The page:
Bash: How to Extract Text Between Two Strings


You can use the following basic syntax to extract text between two strings using Bash:

echo $original_string | grep -oP '(?<=string1).*(?=string2)'

This particular example extracts the text between string1 and string2 within the string variable named original_string.

Note that we used the grep command with the operator -oP to only return the matching part of the string after string1 (not including string1) and before string2 (not including string2).

The following example shows how to use this syntax in practice.

Example: How to Extract Text Between Two Strings in Bash

Suppose that we have the following string:

  • His ID Number:004593Employee

And suppose that we would like to extract only the text between the colon ( : ) and the string Employee to get the following value:

  • 004593

We can use the following syntax to do so:

$original_string="His ID Number:004593Employee"

echo $original_string | grep -oP '(?<=:).*(?=Employee)'

The following screenshot shows how to use this syntax in practice:

Bash extract text between two strings

Notice that we’re able to extract only the 004593 from the string, which represents all of the text between the colon ( : ) and Employee.

Occasionally you may want to extract the text between specific strings several times.

For example, suppose that we have the following string:

  • The ID Values are #004593Employee and #002321Employee

And suppose that we would like to extract only the number for each employee ID to get the following:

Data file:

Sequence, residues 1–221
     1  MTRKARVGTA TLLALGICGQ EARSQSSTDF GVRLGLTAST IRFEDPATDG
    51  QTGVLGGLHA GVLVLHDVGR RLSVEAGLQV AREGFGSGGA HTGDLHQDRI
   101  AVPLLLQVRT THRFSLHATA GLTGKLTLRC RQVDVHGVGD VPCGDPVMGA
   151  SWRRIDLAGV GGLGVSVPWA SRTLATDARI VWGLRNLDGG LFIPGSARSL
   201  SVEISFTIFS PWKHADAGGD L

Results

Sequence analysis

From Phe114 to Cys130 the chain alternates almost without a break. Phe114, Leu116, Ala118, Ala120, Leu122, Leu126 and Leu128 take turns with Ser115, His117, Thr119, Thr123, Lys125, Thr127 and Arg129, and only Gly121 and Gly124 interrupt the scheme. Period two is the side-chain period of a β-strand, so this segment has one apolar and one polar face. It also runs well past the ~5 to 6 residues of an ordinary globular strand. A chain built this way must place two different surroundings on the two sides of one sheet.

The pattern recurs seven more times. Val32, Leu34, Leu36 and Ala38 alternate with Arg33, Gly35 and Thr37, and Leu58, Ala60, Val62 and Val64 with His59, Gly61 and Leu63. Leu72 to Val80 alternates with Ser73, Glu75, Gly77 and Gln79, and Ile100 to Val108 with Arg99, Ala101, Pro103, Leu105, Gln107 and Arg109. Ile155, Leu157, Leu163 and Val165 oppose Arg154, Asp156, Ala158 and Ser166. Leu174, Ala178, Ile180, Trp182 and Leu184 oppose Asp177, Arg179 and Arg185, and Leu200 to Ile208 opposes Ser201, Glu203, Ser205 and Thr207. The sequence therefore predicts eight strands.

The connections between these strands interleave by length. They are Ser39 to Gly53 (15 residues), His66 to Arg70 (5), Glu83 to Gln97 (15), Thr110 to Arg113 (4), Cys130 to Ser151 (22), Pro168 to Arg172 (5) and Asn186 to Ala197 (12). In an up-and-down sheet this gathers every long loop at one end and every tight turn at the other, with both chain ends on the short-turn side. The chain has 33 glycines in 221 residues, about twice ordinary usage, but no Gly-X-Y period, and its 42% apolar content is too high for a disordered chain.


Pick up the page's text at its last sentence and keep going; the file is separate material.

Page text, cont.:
• 004593
  • 002321

We can use the following syntax to do so:

$original_string="The ID Values are #004593Employee and #002321Employee"

echo $original_string | grep -oP '(?<=#).*?(?=Employee)'

The following screenshot shows how to use this syntax in practice:

Bash extract multiple occurrences of text between two strings

Notice that we’re able to extract only the number for each employee ID to get the following:

  • 004593
  • 002321

By specifying .*? in between the two strings we’re able to specify that we would like to perform a non-greedy match, which allows us to extract all occurrences of strings between the # symbol and the string Employee.

Related Tutorials

The following tutorials explain how to perform other common tasks in Bash:

Bash: How to Replace Dash with Underscore
Bash: How to Replace Multiple Characters in String
Bash: How to Replace All Occurrences of String in File

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